“Truffle Butter” has been a radio and club hit since Nicki Minaj‘s The PinkPrint was released late last year. Although most of us would hope that the song’s title, “Truffle Butter”, simply refers to the expensive French delicacy slathered on meats (as Drake alludes to in his verse), there’s an alternate meaning that has potential real health consequences.  According to the Urban Dictionary, the term ‘truffle butter’ refers to the tan substance (feces mixed with excretions) that accumulates around a woman’s vagina when a man removes his penis from a woman’s anus and then inserts his penis into her vagina to continue having sex.  Regardless of what the Young Money rappers had in mind, there’s been an uptick in cultural conversation about anal sex and this is a good opportunity to talk about some serious safety concerns.

It is well established that fecal matter in the vagina is not sanitary or safe.  The most common cause of fecal matter entering a vagina is due to incorrect personal hygiene following a bowel movement. Instead of cleansing in the direction away from the vagina towards the anus, or from the front to the back (the correct way!), one mistakenly wipes towards the vagina from the anus.

In the case of ‘truffle butter,’ to deliver fecal matter into the vagina during sex, potentially puts women at high risk for contracting vaginal infections such as bacterial vaginosis as well as urinary tract infections.   There is also an increased risk of infection of the anus and rectum if the couple switches back to anal sex after vaginal sex. It is key to remember that the feces contain lots of bacteria, and that about a third of the content of feces is bacteria, virus, and parasites.  In addition, an attempt to create ‘truffle butter’ using no condom, increases the risk of contracting sexual transmitted diseases such as gonorrhea, chlamydia, HIV, genital warts, herpes, and syphilis.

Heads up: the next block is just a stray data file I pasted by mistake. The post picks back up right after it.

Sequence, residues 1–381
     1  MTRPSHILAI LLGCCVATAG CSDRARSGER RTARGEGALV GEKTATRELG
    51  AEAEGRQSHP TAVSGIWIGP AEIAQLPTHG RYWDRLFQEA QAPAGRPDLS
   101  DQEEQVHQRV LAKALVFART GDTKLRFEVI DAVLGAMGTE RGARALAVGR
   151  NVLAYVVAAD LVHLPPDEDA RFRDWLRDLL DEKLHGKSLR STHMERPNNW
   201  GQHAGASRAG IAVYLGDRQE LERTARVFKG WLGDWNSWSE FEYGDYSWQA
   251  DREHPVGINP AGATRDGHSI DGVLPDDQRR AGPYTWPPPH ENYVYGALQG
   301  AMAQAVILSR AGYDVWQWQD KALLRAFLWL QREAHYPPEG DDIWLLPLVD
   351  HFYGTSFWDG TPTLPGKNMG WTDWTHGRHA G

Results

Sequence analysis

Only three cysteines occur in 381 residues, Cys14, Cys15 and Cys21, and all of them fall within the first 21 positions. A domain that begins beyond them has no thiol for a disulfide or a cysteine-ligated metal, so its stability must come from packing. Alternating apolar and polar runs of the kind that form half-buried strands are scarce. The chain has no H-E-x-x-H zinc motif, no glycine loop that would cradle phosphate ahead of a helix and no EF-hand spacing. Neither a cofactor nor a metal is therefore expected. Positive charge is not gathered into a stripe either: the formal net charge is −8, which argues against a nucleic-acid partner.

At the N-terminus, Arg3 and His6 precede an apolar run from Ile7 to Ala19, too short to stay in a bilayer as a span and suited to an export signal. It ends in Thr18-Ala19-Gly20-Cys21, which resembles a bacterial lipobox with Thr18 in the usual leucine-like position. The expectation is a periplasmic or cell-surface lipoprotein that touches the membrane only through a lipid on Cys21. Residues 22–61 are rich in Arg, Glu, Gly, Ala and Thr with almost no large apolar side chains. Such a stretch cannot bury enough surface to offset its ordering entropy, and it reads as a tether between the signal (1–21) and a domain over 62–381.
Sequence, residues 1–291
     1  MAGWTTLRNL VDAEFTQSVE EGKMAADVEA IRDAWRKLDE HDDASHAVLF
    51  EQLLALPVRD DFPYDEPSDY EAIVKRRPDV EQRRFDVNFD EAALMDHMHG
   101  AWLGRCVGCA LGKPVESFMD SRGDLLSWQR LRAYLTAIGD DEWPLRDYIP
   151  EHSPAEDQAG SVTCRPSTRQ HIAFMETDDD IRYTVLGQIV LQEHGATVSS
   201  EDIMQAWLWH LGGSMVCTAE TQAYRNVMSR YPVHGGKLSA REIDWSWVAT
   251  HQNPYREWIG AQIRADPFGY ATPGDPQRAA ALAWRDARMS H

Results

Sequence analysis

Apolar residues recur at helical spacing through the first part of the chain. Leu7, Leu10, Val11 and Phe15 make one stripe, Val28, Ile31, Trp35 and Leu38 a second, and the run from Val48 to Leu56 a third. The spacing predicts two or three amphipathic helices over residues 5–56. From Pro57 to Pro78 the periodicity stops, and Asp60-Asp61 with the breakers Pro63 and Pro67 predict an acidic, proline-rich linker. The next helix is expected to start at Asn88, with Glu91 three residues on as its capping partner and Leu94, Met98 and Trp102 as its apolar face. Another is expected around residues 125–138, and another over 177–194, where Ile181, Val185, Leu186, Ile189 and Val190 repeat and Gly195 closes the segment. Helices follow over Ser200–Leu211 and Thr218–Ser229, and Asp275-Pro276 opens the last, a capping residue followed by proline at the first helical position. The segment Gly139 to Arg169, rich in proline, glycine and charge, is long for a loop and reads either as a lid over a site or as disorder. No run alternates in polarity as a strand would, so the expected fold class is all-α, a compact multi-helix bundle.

How are these infections contracted?

During sex of any type, the shear forces caused by the penis rubbing on the lining of the vagina or anus causes tiny tears. Theses tears make it much easier for bacteria and viruses from semen, feces, and blood to enter below the lining and possibly enter the blood stream. As a result, anal sex is 30 times more risky for HIV transmission than vaginal sex according to the CDC.

So what can you to make sure you and your partner are being safe? Here are my Doctor’s Orders”

1)    Always use a condom: Extensive research continues to show the effectiveness of this method of protection. The barrier provided by latex condoms provides a nearly impermeable barrier to particles the size of STD pathogens.  If you have trouble using a condom every time you have sex, learn about pre-and post-exposure prophylaxis–medications that prevent HIV.

2)    Avoid having anal sex followed by vaginal sex until you put on a new condom.  The same applies if you are using a toy.  This will help to significantly reduce the risk of contamination due to traces of fecal matter.

3)   Use a water-based lubricant to decrease the risk of anal tears during anal sex.

4)    Proper hygiene is essential after anal sex.  Be sure to use an anti-bacterial soap.

5)    If you are sexually active (oral, anal, or vaginal), please get regular testing for HIV/AIDS and other sexually transmitted infections. Regularly testing is a key component of prevention and also helps to protect those that you care about.

6)    Share with a friend or a young person the risks associated with ‘truffle butter.’ It is important to share health information on sexual practices that may put individuals at high risk for HIV or STDs.

Dr. Aletha Maybank is a pediatrician board certified physician in preventive medicine/public health. Follow her on Twitter on @DrAlethaMaybank.